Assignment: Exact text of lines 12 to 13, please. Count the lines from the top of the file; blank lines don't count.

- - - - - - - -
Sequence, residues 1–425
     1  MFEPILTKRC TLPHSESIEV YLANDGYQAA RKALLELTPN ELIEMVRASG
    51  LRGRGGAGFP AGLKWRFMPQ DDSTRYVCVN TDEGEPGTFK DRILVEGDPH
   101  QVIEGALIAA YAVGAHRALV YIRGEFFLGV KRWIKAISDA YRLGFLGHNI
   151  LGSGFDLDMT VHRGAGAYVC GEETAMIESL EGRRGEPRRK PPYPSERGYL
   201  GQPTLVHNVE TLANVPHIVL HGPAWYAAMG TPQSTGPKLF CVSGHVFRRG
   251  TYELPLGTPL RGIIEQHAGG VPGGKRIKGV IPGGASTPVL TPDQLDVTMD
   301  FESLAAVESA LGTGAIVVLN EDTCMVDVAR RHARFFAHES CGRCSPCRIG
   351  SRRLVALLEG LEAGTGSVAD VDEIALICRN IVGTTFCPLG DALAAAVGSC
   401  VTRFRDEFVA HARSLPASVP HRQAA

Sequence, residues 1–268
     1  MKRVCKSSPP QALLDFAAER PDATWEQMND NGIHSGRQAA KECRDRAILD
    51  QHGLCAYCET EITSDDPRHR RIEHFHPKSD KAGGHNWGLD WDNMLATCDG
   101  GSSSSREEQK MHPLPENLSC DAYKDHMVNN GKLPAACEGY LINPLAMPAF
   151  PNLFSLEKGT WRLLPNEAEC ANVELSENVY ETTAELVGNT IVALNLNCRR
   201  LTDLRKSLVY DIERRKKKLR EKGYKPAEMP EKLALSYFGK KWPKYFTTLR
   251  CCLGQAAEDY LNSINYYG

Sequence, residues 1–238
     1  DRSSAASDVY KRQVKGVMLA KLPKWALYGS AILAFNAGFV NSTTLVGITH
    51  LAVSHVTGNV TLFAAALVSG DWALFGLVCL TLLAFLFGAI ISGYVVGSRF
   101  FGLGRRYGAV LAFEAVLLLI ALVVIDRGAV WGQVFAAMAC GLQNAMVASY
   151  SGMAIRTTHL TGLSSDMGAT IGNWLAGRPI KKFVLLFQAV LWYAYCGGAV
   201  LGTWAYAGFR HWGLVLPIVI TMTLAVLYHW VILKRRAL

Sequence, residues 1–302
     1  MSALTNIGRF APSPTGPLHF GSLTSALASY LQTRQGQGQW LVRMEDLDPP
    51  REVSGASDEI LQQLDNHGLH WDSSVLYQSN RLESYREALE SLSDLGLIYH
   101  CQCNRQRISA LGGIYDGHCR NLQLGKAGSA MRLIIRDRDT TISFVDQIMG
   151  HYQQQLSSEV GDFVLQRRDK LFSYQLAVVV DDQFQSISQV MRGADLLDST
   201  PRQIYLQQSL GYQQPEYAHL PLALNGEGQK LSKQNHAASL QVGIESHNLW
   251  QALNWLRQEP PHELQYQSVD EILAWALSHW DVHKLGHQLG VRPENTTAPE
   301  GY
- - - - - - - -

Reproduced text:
     1  MKRVCKSSPP QALLDFAAER PDATWEQMND NGIHSGRQAA KECRDRAILD
    51  QHGLCAYCET EITSDDPRHR RIEHFHPKSD KAGGHNWGLD WDNMLATCDG